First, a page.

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Re: Gap Losses
From: Malcolm Watts[SMTP:MALCOLM-at-directorate.wnp.ac.nz]
Sent: Thursday, August 28, 1997 4:44 PM
To: tesla-at-pupman-dot-com
Subject: Re: Gap Losses
Hi Greg,
Actually, within your post there lies the nub of the
problem I think....
> From: Greg Leyh[SMTP:lod-at-pacbell-dot-net]
> Sent: Wednesday, August 27, 1997 1:19 PM
> To: Tesla List
> Subject: Re: Gap Losses
>
> Malcolm Watts wrote:
>
>
> > Greg asked....
>
> > > Well, I know that 5.3 ohms is too low for a 4-gap rotary, and I suspect
> > > that 50 ohms is pushing the high side for most gap systems, even the ones
> > > with a zillion static gaps in series. My rule of thumb at this time is:
> > >
> > > Zchar = 4 ohms X number of series gaps in primary switch.
> > >
> > > I would be interested to know where yours (and others) Zchar values fall,
> > > for your favorite 2-coil systems.
> > > -GL
> >
> > My mini coils with the first transfer loss reported had Zp on the
> > order of 50 Ohms. I am shooting for 100 Ohms in a new design I have
> > been commissioned to build for display purposes.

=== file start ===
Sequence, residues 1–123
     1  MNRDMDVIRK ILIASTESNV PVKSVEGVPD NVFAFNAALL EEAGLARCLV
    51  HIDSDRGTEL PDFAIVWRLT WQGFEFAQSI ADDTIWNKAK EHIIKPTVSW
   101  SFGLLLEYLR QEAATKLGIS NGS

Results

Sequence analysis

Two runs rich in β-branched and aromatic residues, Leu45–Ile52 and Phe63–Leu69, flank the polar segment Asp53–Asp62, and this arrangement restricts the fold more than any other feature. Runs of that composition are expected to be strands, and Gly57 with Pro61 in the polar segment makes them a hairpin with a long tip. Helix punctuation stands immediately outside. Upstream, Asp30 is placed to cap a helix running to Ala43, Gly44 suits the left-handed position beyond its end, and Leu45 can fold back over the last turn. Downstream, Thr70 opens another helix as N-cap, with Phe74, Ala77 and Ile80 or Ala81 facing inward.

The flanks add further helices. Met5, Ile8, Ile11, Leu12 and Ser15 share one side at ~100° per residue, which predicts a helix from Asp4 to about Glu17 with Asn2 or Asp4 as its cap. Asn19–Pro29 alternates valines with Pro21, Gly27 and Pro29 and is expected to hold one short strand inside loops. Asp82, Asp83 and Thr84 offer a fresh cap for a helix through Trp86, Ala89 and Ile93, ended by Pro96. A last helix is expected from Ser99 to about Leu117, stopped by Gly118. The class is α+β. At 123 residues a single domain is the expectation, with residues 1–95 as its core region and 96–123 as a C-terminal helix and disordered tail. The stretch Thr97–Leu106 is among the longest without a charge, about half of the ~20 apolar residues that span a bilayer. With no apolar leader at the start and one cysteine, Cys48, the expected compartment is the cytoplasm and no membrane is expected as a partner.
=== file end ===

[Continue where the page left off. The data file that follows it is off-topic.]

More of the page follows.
>
> Congrats on the commissioned piece! Your client should count his lucky stars
> for finding a world-class Tesla coil expert so close to home!
>
> Upon further thought, I realized that my above rule of thumb would only be
> optimal within a fixed range of primary currents, say 2500 to 3000A. As the
> primary current is reduced, the gap resistance goes up. This increase in
> resistance at lower operating currents would necessitate an increase in Zp,
> in order to preserve the primary Q. So 100 ohms might be OK after all.
> What was your reasoning for choosing 100 ohms?
In fact, increasing Z surge decreases Ip which increases Rgap and
also Vgap (conducting) to some extent. I suspect that what you have
hit is the product of lowest Vgap and Igap.
?
Malcolm